I called my mother and got a chicken recipe. It worked, to my surprise. Feeling virtuous, I added a lot of salt and ate it alone in my room on a paper plate. I then carefully wrapped the leftover 3/4 of a chicken in aluminum foil and planned which of the remaing seven days would be fleischig.
There remained one problem: cold, I needed cold for the chicken to remain viable until we finished crossing the desert. I didn't have a refrigerator, and my friends who did had already filled them with beer. Well, it was March, and still pretty chilly. I noted the handle conveniently situated on the on the outside of my fourth floor window, just the right size from which to safely dangle a bag filled with fowl. I could bring her indoors once a day to remove a leg or wing, and then re-hang the bag from the handle. She'd be first chicken in the world to nest on a dorm room ledge.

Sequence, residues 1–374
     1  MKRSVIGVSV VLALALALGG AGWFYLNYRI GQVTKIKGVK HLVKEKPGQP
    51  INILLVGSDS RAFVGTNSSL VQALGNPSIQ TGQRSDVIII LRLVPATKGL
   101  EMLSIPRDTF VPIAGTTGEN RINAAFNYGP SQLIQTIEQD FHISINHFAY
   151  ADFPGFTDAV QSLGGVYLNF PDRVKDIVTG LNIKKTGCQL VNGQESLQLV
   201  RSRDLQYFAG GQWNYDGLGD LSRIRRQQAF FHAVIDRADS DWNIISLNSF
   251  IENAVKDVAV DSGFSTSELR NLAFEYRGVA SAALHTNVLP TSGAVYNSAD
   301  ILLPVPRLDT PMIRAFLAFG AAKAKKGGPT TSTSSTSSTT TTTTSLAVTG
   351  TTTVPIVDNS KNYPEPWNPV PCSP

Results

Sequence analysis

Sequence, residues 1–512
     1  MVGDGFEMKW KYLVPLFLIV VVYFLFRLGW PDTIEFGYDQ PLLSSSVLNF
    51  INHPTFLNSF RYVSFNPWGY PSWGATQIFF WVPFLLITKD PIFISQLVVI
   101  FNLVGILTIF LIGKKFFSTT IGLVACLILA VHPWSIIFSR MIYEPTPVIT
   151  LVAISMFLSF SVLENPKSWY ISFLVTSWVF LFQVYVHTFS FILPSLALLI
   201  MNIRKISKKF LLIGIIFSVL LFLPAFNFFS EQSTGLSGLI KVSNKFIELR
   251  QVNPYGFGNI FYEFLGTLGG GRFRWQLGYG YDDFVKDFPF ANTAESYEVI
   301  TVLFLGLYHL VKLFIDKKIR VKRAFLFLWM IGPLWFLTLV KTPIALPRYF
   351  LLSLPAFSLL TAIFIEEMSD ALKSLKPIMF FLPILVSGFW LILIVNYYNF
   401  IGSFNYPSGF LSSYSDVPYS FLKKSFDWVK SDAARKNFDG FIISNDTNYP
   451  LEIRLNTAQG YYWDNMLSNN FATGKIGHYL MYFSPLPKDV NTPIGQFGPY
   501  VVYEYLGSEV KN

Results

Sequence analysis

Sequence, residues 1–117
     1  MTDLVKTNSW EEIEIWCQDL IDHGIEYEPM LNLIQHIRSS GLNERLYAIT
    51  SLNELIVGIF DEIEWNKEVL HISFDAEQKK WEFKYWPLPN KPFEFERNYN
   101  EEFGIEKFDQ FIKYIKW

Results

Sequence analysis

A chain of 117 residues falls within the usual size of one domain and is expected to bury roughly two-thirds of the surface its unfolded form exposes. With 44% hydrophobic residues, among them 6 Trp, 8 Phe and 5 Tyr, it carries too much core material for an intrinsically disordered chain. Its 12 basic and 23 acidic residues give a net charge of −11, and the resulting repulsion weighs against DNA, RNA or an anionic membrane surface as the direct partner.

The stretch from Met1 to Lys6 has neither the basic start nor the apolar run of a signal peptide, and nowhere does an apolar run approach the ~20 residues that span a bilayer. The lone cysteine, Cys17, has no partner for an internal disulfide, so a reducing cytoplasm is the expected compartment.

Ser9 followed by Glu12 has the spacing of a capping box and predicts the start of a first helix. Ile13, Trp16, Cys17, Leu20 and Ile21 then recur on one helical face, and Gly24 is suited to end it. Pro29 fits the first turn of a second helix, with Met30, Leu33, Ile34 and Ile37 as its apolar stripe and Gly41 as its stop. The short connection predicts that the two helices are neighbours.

It was a brilliant solution, as long as March remained seasonable. The sun, unfortunately, came out on the fifth day of Passover. By dinnertime, the chicken no longer looked quite as appealing, and I opted for a salad instead. On the sixth day, I forgot about her. I was afraid to open the window on the seventh day, wondering how a chicken baking in direct sunlight for almost a week might smell. By the eighth day, like the Israelites in Beshallach who thought it really would be better to stay slaves than face the unknown, I was in a state of complete denial.